There are dozens of fantastic movies about America that you could watch this week to celebrate the country's 243rd birthday. But if you've exhausted Independence Day, Born on the Fourth of July, and Yankee Doodle Dandy, then you've come to the right place.
Because of the Fourth of July's symbolism as the most American of holidays — or perhaps simply because fireworks look so dang good on camera — lots of movies that aren't "about" Independence Day still include major moments that take place on, or reference, the nation's birthday. Here are seven of the best and most surprising.
(The Shining | Warner Bros. | Hulu)
The Shining is one of the greatest Easter egg movies of all time (if you haven't seen Room 237, a documentary about different interpretations of the movie, I highly recommend that too). It's completely understandable if you might have missed one of the film's subtlest details — that the Overlook Ball was a Fourth of July party, as is disclosed by the date on the ominous photo that ends the movie.
Why the Fourth of July? Well, one analysis of The Shining suggests that the film is director Stanley Kubrick's meditation on the genocide of Native Americans. "By so closely linking a date that is arguably the most important in American culture, Kubrick is implicating the audience of being guilty of these things," writes The Artifice.
(Brokeback Mountain | Focus Features | Starz)
Brokeback Mountain takes place over a long and lonely Wyoming summer in 1963. Adapted from Annie Proulx's short story of the same name, the movie has some stark differences from her original piece, including a scene at a Fourth of July celebration when Ennis del Mar (Heath Ledger) confronts a pair of drunks who are disrupting the festivities.
In the movie, Ennis challenges the men just as the sky lights up in red, white, and blue behind him. In a scene that helped earn the Best Director Oscar that Ang Lee received for the movie, Ennis punches and kicks the men as the fireworks silhouette him as a kind of denim-clad portrait of an American hero.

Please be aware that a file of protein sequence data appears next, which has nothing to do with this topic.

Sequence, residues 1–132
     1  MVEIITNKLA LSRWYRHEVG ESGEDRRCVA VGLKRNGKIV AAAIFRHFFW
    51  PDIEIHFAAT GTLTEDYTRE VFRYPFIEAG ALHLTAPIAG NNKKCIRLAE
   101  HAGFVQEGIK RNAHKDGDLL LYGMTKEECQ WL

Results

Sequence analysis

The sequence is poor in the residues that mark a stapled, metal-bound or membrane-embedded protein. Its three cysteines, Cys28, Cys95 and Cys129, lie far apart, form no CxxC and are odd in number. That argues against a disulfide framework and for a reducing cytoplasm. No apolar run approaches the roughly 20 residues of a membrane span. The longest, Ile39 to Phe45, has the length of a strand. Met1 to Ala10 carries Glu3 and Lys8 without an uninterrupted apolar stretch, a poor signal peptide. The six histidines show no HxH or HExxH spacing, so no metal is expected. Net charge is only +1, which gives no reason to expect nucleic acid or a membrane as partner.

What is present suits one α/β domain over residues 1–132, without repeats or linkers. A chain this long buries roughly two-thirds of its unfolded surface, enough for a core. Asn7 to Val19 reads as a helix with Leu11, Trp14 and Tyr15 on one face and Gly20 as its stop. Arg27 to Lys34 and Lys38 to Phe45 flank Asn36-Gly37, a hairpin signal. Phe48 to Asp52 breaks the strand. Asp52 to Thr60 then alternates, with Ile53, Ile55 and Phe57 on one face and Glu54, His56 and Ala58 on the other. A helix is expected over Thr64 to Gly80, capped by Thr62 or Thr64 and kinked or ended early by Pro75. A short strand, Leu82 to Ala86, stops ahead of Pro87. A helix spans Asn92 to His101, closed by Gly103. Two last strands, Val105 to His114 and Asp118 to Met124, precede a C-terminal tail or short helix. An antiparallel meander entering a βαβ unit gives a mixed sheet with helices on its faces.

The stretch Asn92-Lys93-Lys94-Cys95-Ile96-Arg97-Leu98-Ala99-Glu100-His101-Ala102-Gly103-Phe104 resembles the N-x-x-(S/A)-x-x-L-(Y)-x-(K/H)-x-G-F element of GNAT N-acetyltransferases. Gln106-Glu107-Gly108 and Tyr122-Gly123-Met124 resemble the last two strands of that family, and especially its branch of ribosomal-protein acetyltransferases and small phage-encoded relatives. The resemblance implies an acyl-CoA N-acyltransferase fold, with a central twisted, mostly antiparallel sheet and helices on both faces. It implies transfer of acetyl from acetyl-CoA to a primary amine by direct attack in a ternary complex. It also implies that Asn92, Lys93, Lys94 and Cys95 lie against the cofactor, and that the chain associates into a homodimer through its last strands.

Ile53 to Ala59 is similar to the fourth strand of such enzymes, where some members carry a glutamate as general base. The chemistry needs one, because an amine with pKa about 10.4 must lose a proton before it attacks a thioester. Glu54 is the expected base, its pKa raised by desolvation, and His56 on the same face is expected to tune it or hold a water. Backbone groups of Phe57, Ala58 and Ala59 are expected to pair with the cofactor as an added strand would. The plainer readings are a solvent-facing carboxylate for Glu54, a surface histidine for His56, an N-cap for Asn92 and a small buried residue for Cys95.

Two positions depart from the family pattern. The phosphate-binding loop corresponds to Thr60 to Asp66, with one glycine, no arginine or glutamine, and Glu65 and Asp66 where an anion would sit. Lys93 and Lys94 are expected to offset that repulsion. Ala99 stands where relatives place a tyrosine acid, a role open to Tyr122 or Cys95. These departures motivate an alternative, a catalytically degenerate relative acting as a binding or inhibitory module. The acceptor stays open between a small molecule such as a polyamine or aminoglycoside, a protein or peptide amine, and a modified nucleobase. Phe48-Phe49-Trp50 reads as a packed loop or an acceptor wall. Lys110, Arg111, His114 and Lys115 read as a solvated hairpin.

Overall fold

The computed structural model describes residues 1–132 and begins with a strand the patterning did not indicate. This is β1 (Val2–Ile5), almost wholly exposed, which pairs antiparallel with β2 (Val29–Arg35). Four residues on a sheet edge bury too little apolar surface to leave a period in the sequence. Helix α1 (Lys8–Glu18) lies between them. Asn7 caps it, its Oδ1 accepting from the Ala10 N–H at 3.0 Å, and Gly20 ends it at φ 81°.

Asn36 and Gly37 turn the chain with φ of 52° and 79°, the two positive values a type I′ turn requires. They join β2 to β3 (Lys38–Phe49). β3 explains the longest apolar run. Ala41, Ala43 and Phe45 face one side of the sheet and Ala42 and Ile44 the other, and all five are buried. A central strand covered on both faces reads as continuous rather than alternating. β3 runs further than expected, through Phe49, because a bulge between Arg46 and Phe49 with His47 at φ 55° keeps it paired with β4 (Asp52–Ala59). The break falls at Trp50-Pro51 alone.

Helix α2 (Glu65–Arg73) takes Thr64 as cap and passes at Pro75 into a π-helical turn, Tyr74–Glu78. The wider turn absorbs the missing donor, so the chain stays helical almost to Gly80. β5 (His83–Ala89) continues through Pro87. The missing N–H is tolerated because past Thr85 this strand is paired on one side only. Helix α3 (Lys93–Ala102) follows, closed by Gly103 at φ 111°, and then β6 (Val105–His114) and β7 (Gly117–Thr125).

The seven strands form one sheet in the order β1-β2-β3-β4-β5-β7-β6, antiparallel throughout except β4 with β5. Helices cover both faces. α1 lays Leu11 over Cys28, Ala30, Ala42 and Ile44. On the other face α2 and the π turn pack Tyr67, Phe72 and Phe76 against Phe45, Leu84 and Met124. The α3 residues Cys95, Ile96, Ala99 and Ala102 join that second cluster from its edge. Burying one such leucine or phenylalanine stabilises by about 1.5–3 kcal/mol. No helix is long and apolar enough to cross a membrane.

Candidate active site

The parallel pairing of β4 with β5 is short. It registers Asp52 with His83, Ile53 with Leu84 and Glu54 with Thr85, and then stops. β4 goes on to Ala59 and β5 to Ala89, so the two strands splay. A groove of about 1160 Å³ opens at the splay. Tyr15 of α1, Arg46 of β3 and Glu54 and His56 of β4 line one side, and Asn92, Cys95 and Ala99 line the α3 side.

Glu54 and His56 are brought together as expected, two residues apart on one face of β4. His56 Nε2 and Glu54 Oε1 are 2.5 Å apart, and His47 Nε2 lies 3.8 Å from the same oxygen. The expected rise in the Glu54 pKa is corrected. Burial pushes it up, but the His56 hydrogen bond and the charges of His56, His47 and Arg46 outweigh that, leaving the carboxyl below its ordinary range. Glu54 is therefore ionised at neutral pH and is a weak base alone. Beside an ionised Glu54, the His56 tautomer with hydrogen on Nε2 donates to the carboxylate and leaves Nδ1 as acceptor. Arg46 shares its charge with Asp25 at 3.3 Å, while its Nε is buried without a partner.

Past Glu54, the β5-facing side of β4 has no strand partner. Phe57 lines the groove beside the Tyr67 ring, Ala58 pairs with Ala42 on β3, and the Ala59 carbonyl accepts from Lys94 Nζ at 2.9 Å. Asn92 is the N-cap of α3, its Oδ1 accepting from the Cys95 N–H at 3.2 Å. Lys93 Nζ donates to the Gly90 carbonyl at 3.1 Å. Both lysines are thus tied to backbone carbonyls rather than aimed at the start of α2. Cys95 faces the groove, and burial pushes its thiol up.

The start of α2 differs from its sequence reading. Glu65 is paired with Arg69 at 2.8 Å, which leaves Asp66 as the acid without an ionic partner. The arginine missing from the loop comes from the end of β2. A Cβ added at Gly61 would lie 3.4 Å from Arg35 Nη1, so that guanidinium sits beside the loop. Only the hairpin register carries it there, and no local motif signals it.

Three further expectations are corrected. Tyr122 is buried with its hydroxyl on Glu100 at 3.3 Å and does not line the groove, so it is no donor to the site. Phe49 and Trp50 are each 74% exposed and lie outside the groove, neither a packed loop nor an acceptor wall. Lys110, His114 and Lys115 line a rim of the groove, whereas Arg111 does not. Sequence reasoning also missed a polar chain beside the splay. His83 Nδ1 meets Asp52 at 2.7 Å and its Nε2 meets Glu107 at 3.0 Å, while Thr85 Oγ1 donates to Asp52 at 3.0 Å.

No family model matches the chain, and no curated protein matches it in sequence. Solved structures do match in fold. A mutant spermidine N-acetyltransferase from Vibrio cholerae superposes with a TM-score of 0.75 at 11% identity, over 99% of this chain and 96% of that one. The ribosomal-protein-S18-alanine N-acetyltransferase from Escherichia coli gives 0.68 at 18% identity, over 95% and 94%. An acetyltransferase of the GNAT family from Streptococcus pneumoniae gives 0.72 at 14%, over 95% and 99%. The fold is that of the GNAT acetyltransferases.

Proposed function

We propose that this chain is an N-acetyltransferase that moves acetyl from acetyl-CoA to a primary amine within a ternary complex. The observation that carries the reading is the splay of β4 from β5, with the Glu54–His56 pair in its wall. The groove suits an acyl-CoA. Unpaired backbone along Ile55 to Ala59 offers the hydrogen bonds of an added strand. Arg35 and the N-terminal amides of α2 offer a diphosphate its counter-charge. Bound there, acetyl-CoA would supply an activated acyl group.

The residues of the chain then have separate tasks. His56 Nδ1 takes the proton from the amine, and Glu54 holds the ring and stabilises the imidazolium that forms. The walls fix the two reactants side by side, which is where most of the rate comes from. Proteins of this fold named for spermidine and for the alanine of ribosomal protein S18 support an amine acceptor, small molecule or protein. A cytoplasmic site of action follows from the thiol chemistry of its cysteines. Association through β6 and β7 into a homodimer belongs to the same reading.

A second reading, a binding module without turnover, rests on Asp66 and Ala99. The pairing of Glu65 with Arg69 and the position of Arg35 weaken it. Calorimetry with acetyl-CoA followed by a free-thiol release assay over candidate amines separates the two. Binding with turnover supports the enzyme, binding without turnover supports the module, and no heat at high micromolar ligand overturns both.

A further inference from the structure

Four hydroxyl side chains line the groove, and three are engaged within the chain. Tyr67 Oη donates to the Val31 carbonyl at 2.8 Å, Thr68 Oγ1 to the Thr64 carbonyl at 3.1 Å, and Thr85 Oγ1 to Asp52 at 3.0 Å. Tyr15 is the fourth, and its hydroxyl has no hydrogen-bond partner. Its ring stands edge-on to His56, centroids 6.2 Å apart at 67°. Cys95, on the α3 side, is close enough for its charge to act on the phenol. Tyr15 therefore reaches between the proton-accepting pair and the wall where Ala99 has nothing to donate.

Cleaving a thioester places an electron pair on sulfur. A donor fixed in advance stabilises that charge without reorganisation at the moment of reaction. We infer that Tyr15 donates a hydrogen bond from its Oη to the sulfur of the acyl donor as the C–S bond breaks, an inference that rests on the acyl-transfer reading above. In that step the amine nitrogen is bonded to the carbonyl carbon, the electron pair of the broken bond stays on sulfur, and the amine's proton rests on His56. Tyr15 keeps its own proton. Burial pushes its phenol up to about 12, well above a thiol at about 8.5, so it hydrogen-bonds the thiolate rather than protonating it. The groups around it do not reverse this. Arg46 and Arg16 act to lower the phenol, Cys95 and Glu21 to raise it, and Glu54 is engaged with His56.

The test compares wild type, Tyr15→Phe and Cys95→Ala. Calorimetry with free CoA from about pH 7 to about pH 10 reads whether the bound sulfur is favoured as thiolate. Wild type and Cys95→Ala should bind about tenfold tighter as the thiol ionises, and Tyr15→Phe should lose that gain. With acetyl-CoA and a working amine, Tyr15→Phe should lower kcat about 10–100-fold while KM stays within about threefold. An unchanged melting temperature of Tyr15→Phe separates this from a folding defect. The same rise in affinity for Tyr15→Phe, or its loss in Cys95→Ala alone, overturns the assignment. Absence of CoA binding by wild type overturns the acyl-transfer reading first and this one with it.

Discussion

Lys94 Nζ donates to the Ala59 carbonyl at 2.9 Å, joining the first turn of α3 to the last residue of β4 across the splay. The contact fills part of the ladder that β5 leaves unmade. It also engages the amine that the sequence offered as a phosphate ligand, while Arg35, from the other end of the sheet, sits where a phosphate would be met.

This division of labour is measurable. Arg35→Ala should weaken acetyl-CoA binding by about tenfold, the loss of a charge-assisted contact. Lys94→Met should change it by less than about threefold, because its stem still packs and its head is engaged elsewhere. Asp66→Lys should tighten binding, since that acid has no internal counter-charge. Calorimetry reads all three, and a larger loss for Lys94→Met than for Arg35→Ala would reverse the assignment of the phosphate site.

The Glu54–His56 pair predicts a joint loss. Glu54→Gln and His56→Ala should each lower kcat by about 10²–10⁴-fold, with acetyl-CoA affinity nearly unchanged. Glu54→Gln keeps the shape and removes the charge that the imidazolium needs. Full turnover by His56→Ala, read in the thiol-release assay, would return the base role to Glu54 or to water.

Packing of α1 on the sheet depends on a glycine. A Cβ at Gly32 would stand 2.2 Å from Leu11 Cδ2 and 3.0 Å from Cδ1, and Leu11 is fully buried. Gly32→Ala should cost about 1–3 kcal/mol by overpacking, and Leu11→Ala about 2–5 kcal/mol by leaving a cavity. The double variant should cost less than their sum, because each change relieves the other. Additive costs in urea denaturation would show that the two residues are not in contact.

Only when the camera reverses to show the men cowering and begging to be let go does this portrait sour. "This framing and the scene as a whole cite [Ennis] as an upholder of the very values of conservative America he might otherwise be seen to fail and that, more important, might be seen to fail him," writes Hamilton Carroll in Affirmative Reaction: New Formations of White Masculinity.
(Blow Up | Filmways Pictures)
Riffing on Italian director Michelangelo Antonioni's 1966 masterpiece Blowup, Brian De Palma's thriller Blow Out (1981) flips the script to find sound technician Jack Terry (John Travolta) unintentionally capturing audio evidence of a presidential candidate's assassination, only to then become the quarry for the killer.
Set during a gritty Philadelphia summer in the days ahead of the Independence Day celebrations, Blow Out is a sizzling keg of politics, serial killers, and patriotic buntings. The dramatic conclusion takes place — when else? — but as the fireworks begin to explode over the city. Travolta gives a career-high performance that makes the film worth watching any time of year.
Legally Blonde 2
Legally Blonde 2 carries the subtitle Red, White, and Blonde, although that's more of a reference to the film's location — Washington, D.C. — than to the patriotic holiday. In this 2003 sequel, perennially underestimated lawyer Elle Woods (Reese Witherspoon) decides to take on the capital swamp and outlaw animal testing.
While there is a surprising lack of red, white, and blue in the movie, Elle does get a chance to sport a jaunty star-spangled neck scarf. "Oh My God! you look like the Fourth of July!" exclaims Elle's friend, Paulette Bonafonté (Jennifer Coolidge), upon seeing the get-up.